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Quick-fire wine lovers guide to buying Bordeaux

In the second of our fine wine series of articles, Stuart Young of Four Corners Wine attempts to demystify the classic French region of Bordeaux.

Back in 1976, one of the wine world’s greatest protagonists, Stephen Spurrier, organised a tasting that became known as the Judgement of Paris.  The event pitted California’s Cabernet Sauvignon wines against those of Bordeaux, which was then universally regarded as the foremost producer of the world’s finest wines.  In a surprise result a Californian wine – Stag’s Leap Wine Cellars 1973 – topped the list and the repercussions of this reverberated around the world.

Whilst California made its point and remains one of the most innovative and thrilling wine regions, it cannot be said that Bordeaux has ever lost its lustre.  France’s “capital” of wine reputedly grew vines back in the 1st Century. By the 8th Century it was a flourishing trading centre and in the 17th Century the marshlands of the Médoc were drained leading to expansive planting of vines.  Today Bordeaux is home to the leading oenological university, the iconic wine museum LeCité du Vin whilst surrounding it are some of the world’s most revered chateaux -Angelus, Cheval Blanc, Haut-Brion, Latour, Lafleur, Margaux, Mouton Rothschild, Palmer…the list goes on. It is also one of the most complex for even knowledgeable wine lovers to comprehend thanks to the 1855 classification, a ranking system put in place by Napoleon III that remains in place today.

Bordeaux’s history and reputation for producing consistently high-quality wine that increases in value over time has made it one of the most popular “alternative assets”.  Over 70% of wine bought for investment annually is from Bordeaux.  Yet it remains a bewildering region with its right and left banks, more than 30 regions, 60 appellations and 3,000 châteaux, of which around 50 are considered world class.

 

For a quick-fire wine lovers guide to buying Bordeaux, here are my top tips:

    1. Region First consider your preferred regions and appellations: the regions of the Médoc and Graves are located on the left bank of the Gironde Estuary, famous for many prestigious châteaux. Their legendary appellations include Margaux, Pauillac, Pessac-Leognon, St-Estèphe and St-Julien where the gravelly, mineral-rich soil or “terroir” creates structured, powerful wines that age beautifully. Over on the right bank lies the region of Libournais, home to the appellations of Pomerol and St Émilion and a softer, fruitier style of wine made famous by châteaux Pétrus, Le Pin and Ausone.  Further south lie the vineyards of Sauternes, producing the world’s finest sweet white wines thanks to a humid climate that naturally generates high residual sugar.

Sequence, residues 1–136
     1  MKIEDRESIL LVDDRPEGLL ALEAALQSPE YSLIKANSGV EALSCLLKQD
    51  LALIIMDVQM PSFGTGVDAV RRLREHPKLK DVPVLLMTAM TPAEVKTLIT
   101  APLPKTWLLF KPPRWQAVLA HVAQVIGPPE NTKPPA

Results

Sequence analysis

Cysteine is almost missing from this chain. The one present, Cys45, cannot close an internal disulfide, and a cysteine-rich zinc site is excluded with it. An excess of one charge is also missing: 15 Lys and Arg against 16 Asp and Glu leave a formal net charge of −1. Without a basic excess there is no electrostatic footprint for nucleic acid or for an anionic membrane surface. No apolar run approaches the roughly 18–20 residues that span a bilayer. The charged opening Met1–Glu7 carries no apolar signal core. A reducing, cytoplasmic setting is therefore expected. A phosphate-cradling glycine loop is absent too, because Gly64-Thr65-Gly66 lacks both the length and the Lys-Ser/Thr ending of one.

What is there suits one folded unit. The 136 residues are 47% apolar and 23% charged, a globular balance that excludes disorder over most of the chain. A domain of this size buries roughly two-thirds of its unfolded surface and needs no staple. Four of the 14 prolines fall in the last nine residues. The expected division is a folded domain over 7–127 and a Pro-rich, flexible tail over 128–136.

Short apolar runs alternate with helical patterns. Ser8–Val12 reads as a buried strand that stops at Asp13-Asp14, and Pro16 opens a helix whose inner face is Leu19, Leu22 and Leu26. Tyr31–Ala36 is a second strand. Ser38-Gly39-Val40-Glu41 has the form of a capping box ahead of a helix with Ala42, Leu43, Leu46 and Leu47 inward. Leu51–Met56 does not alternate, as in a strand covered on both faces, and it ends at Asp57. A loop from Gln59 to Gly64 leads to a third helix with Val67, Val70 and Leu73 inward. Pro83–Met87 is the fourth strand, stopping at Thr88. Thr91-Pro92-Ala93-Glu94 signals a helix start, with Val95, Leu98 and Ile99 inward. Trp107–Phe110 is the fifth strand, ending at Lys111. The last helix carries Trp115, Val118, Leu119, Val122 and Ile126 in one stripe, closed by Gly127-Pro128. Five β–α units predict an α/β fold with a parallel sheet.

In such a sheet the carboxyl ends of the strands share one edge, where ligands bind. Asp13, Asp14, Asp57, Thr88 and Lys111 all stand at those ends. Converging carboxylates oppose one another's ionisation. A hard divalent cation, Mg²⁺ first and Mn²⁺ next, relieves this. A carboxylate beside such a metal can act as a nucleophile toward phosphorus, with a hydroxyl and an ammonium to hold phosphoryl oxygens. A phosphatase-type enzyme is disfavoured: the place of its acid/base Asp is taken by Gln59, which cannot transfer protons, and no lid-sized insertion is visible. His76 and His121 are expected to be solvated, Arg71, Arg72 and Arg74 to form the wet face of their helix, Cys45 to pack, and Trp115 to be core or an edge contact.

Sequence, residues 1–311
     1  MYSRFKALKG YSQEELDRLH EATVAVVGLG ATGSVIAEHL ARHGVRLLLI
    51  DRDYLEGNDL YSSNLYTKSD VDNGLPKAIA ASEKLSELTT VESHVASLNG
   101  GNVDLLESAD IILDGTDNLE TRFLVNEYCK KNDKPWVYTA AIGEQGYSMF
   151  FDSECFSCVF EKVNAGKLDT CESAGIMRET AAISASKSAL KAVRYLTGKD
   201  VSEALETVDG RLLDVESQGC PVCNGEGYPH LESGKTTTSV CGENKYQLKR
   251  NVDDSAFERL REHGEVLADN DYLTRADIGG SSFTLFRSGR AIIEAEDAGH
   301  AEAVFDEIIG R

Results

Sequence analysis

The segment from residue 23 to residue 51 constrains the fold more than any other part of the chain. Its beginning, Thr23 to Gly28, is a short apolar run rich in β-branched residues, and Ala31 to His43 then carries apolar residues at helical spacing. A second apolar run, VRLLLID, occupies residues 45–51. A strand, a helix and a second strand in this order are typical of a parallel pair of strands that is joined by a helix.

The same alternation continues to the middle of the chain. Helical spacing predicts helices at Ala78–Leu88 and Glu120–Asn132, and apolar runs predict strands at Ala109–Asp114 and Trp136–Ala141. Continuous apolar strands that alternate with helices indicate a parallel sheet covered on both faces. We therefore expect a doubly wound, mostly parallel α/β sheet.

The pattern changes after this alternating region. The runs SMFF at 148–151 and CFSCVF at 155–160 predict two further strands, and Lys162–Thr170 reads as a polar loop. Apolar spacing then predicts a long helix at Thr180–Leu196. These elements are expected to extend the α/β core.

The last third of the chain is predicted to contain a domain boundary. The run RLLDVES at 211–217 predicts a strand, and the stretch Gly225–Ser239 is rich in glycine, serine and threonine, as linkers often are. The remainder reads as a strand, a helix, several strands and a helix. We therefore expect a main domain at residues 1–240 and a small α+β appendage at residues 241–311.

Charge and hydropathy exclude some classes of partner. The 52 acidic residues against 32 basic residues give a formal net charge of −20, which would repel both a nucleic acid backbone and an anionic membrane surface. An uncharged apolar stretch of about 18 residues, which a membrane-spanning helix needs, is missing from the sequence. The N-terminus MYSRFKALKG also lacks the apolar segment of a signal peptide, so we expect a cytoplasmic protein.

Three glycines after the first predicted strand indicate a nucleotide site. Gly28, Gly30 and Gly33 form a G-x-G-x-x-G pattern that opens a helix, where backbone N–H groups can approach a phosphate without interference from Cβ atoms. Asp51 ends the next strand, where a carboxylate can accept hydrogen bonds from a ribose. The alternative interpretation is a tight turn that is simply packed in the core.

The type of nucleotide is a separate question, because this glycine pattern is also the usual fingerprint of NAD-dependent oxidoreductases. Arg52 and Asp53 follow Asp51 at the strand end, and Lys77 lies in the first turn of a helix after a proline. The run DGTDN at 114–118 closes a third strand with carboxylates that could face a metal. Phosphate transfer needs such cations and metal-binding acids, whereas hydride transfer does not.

2. Producer The châteaux classified in 1855 as “First-Growth” have rich histories and reputations and rightfully command the highest prices. More interesting can be the best “Second-Growth” producers, which are more reasonably priced and accessible yet make sound investments for cellaring.  First-Growth wines have become global luxury brands in their own right – it’s no coincidence that the international conglomerate, LVMH, owns both Cheval Blanc and Château d’Yquem.
    3. Vintage Wine experts assess the quality of the harvest during the “En-Primeur” tastings, when prices are set by “Négociants” (middle men to you and I). For clients that want a cellar of great wines for drinking, I often encourage the purchase of Second-Growth wines in good years and First-Growth wines in poorer years, with the aim of building a balanced cellar of great wines at sensible prices that can be enjoyed or sold on the secondary market.
    4. Provenance With prices for the top wines showing no signs of abating, sadly the wine world has become a target for fraudsters. Buying En-Primeur from a reputable merchant is by far the safest option.  Whilst buying older vintages may be tempting, the adage “if it sounds too good to be true, it probably is”.  Enlisting the help of an expert who knows his or her stuffis a sensible option, but new tech platforms are emerging to help collectors manage their cellars such as CellarTracker, which features over 10 million tasting notes drawn from both professionals and its community. 

 

Wine investment is very different to that of commodities or currency.  First and foremost it is pleasurable, sometimes starting as a hobby, often becoming an obsession.  Our clients relish this experience,and their appreciation of their wines grows alongside their knowledge.  That said, the wines of Bordeaux are of such complexity one can spend a lifetime learning about them.  For those with a love of wine and study, Bordeaux is a great place to start.  As Jane Anson puts it in her definitive tome Inside Bordeaux, the region “…is a place that brings together geography, history, economics, politics, egos and the sheer glory of taste.”  Surely an investor’s dream?

For more information on alternate investments, contact the team at Huriya today.

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